A question about the novel Sons and Lovers " An' I'aven't-- that I'aven't. You b'lieve me, I've 'ad very little this day. I have an'all." His voice went tender. "Here, an' I browt thee a bit o'brandysnap, an' a cocoanut for th' children." He laid the gingerbread and the cocoanut, a hairy object, on the table," Nay, tha niver said thankyer for nowt i'thy life, did ter?" Why are the father's words so weird? Do they mix some old English or something else? Thanks for your help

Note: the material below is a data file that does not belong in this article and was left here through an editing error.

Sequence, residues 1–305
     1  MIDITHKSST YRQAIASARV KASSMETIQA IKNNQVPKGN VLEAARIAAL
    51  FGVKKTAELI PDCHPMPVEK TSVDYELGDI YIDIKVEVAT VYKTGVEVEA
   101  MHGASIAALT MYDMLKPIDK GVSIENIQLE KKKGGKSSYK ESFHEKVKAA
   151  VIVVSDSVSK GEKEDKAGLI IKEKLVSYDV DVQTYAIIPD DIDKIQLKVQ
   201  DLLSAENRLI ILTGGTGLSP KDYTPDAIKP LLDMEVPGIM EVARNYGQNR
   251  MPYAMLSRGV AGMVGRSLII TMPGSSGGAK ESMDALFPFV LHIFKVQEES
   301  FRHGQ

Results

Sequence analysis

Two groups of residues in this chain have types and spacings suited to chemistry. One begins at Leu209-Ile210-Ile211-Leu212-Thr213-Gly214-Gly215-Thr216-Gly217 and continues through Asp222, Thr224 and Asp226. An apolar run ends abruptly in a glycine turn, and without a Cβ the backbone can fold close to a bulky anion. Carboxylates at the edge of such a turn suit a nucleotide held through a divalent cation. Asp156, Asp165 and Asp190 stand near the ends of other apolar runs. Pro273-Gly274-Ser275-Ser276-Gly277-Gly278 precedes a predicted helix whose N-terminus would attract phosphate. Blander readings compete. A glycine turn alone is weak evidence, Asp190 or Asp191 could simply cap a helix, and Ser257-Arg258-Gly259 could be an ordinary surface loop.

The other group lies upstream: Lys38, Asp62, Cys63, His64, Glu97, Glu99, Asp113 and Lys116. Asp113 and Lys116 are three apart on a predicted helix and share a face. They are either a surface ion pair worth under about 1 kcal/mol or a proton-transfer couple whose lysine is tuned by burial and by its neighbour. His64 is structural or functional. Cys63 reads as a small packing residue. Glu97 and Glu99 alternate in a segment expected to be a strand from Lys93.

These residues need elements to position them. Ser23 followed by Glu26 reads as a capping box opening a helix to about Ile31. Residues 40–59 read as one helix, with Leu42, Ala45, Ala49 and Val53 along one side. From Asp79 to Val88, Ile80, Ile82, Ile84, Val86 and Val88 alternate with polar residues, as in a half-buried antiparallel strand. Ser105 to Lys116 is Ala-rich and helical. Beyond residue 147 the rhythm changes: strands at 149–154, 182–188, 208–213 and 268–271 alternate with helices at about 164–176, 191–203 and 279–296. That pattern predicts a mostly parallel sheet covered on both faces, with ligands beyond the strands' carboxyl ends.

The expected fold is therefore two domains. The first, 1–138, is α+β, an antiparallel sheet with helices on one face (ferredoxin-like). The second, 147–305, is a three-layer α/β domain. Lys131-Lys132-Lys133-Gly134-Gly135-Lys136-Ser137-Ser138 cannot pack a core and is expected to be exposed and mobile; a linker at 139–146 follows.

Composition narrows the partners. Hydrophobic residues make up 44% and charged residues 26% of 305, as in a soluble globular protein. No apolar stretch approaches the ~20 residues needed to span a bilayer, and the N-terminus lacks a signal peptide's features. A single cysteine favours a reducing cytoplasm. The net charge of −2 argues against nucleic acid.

Jul 30, 2014 2:36 AM
Answers · 3
The words are written that way to reflect his dialect and pronunciation.
July 30, 2014
The father lives in Nottingham and D H Lawrence is writing the sounds you would hear , which is the dialect. you can think of it as written and spoken in Cantonese or Hakka, while the main writing is in Mandarin. It helps to read it aloud. dialect also has some different ways of saying things like tha for you.
July 30, 2014
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